The Wide Field Infrared Survey Telescope [wikipedia.org] (WFIRST) may have some of its capabilities scaled back [sciencemag.org] due to overspending on the James Webb Space Telescope [soylentnews.org] and the added cost of a coronagraph that was demanded by exoplanet researchers:
NASA will have to scale back its next big orbiting observatory to avoid busting its budget and affecting other missions, an independent panel says. The Wide Field Infrared Survey Telescope (WFIRST) is due for launch in the mid-2020s. But 1 year after NASA gave the greenlight its projected cost is $3.6 billion, roughly 12% overbudget. "I believe reductions in scope and complexity are needed," Thomas Zurbuchen, head of NASA's Science Mission Directorate in Washington, D.C., wrote in a memo that NASA released last Thursday.
Designed to investigate the nature of dark energy and study exoplanets, WFIRST was chosen by the astronomy community as its top space-based mission priority in the 2010 decadal survey entitled New Worlds, New Horizons in Astronomy and Astrophysics. But the start of the project was initially delayed by the huge overspend on its predecessor, the James Webb Space Telescope, which will be launched in 2019. Then last year, a midterm review of the 2010 decadal survey warned that WFIRST could go the same way and advised NASA to form a panel of independent experts to review the project.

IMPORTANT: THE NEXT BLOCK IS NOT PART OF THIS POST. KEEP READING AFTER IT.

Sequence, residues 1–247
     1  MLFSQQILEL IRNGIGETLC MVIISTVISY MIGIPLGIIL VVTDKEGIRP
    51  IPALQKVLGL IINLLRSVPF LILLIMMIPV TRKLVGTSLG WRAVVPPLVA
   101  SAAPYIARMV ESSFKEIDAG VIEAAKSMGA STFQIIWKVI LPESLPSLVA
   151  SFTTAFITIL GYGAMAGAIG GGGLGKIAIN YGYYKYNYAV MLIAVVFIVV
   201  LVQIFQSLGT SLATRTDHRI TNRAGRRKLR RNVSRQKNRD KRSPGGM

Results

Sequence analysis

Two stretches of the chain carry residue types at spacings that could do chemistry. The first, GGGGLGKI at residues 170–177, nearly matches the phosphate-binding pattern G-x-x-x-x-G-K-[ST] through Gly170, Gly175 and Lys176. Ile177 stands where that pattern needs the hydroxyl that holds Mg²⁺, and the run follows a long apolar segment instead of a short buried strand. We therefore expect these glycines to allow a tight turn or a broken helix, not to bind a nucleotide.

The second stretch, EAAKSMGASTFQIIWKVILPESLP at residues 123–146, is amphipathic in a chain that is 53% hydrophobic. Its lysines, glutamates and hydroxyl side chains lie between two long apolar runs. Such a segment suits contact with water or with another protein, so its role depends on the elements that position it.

[...] Zurbuchen's memo to Scolese directs the lab to retain the basic elements of the mission—the 2.4-meter mirror, widefield camera, and coronagraph—but to seek cost-saving "reductions." Hertz says this will require reducing the capabilities of instruments but ensuring they remain "above the science floor laid down by the decadal survey." The coronagraph will be recategorized as a "technology demonstration instrument," removing the burden of achieving a scientific target. The change will also save money, Hertz explains. Hertz says exoplanet researchers shouldn't worry about the proposed changes. "We know we'll get good science out of the coronagraph. We'll be able to see debris disks, zodiacal dust, and exoplanets in wide orbits," he says. Astronomers wanting to see Earth twins in the habitable zone may be disappointed, however.